This is a refinement (perhaps a simpler version) of a question I asked here before and couldn't get an answer for.

Fix $\alpha \in (0,1]$ and a small constant $c>0$. For $x \in [0,1]$ and $N\in\mathbb{N}$, we denote by $S(x,N)$ the function that counts the number of pairs of integers $(p,q)$ such that $$|x-\frac{p}{q}|<\frac{c}{q^{\alpha+1}}\qquad(\star)$$

and $1\leq q \leq N$, $gcd(p,q)=1$.

It is known that when $\alpha=1$, all the solutions $(p,q)$ to $(\star)$ are in fact the convergents (i.e. truncation of the continued fraction expansion of $x$). The recursive formula for the denominators of those implies that they grow exponentially (asymptotically), and for all irrationals at least as fast as those for $x$ being the golden ratio (you can consider its fractional part in order to have it in the interval). This, in turn, implies that there exists some constant $C>0$ such that
$$||S(x,N)||_{L^{\infty}([0,1])}\leq C \log N.$$

I'm interested in getting an upper bound on this $L^{\infty}$ norm for any $\alpha\in(0,1)$. To be more precise, I wish to show that this bound is sublinear in $N$.

W. Schmidt considered the more general case where the restriction $gcd(p,q)=1$ is dropped (I denote the corresponding counting function by $M(x,N)$). His asymptotic estimate, which holds for almost every $x\in[0,1]$ is $$M(x,N)\leq \sum_{q=1}^{N} \frac{c}{q^{\alpha}}+C(x) (\sum_{q=1}^{N} \frac{c}{q^{\alpha}})^{\frac{1}{2}}.$$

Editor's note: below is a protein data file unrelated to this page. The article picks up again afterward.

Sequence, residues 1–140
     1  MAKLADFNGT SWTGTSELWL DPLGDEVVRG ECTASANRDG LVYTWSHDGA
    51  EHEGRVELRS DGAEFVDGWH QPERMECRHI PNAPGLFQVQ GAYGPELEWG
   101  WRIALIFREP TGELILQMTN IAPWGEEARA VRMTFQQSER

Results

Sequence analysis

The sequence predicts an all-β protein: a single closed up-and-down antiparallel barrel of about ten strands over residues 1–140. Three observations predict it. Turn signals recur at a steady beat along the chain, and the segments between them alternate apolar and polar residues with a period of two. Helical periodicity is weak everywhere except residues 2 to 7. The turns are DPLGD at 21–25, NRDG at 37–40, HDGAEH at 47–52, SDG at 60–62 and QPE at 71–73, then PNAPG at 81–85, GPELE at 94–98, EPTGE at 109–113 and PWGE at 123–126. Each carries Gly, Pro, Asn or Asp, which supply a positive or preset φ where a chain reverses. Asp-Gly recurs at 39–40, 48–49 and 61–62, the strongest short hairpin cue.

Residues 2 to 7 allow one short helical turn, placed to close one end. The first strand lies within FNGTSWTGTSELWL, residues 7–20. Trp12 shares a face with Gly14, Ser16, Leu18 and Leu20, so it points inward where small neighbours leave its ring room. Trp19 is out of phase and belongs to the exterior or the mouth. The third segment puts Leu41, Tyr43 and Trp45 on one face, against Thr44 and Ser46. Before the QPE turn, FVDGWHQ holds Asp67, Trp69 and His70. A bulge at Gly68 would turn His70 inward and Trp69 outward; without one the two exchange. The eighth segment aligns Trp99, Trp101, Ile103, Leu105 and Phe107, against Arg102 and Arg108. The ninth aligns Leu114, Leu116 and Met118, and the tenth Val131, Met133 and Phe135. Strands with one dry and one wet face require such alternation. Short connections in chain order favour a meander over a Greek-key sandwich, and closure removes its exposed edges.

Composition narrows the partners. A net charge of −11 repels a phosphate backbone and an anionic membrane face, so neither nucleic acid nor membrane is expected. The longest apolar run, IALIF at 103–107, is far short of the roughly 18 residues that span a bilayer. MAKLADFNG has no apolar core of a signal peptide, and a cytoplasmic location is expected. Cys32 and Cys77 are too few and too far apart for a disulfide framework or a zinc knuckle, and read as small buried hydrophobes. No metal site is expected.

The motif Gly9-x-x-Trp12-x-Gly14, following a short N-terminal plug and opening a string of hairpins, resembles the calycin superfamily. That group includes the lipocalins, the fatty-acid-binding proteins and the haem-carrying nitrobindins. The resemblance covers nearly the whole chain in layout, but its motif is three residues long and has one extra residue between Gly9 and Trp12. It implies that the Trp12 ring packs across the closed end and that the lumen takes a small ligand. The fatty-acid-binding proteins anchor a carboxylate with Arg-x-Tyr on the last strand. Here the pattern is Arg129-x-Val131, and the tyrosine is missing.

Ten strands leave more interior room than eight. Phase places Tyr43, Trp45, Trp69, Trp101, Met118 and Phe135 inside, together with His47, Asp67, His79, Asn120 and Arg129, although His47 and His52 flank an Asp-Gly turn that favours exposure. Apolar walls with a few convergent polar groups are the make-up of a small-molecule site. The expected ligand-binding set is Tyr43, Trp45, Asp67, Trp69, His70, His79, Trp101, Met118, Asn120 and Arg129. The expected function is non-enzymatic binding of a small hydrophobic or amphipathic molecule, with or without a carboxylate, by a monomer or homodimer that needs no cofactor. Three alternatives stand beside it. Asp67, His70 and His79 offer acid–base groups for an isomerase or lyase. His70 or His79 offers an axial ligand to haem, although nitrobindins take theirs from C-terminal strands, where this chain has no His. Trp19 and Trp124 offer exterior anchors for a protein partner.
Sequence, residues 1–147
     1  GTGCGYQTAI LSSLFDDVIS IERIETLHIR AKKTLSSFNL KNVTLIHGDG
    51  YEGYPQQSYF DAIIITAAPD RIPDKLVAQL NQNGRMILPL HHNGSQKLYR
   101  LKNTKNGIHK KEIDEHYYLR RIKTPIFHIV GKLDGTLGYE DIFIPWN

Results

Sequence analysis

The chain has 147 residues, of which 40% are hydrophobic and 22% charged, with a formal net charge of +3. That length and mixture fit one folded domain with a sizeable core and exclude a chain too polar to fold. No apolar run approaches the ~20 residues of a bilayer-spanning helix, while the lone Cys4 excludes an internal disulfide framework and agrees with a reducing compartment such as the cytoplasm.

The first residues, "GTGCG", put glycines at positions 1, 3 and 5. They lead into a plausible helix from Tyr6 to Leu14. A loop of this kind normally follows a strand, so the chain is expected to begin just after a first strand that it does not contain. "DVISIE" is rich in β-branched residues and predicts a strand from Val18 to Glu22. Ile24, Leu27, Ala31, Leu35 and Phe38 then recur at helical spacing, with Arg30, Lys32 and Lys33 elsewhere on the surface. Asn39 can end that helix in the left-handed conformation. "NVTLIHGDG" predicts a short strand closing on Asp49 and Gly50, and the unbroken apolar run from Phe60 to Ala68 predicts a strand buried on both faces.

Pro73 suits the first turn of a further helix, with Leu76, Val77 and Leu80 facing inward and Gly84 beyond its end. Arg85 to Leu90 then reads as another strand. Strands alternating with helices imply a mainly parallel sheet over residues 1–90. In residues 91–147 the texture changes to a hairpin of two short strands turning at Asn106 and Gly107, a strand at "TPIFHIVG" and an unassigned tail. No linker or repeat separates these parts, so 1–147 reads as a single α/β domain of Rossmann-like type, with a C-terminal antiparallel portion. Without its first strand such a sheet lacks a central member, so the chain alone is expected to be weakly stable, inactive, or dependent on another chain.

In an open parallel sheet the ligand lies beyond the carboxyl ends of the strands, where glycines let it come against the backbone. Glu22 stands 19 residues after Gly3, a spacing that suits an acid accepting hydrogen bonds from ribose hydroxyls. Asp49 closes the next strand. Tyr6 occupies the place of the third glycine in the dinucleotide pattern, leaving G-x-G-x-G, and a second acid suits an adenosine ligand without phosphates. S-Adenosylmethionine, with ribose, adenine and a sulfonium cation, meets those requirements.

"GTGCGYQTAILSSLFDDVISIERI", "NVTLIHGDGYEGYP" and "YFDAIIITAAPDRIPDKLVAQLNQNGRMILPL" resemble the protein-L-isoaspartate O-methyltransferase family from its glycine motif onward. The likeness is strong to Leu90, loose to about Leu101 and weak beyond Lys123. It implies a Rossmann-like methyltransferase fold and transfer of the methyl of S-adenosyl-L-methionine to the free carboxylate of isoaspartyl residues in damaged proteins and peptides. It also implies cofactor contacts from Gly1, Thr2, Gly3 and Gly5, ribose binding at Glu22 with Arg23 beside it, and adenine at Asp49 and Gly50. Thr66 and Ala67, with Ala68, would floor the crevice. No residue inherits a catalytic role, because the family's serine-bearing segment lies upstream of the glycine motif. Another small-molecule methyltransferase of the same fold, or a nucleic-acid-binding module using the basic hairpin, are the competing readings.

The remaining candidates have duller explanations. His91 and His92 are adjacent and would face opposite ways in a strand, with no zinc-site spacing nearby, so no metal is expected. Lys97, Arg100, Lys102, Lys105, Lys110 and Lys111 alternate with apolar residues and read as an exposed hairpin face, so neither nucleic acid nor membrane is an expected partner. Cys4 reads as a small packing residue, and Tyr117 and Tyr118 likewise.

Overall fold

But as far as I can tell, the function $C(x)$ is unbounded, so there is no uniform bound.

One can also try and apply first and second moment estimates on the function $S(x,N)$ (using Chebyshev's inequality). This gives the desired sublinear estimate, but only up to some exceptional subset of $[0,1]$ which turns out to be too big for my purposes.

There seems to be a large gap between the case $\alpha=1$, where everything is known, and smaller values of $\alpha$, which I can't explain at the moment.

-- Addition --

This might be a trivial comment, but it should be emphasized that the trivial bound is $$||S(x,N)||_{L^{\infty}([0,1])}\leq C\cdot N.$$ So I'm really looking for any kind of nontrivial bound.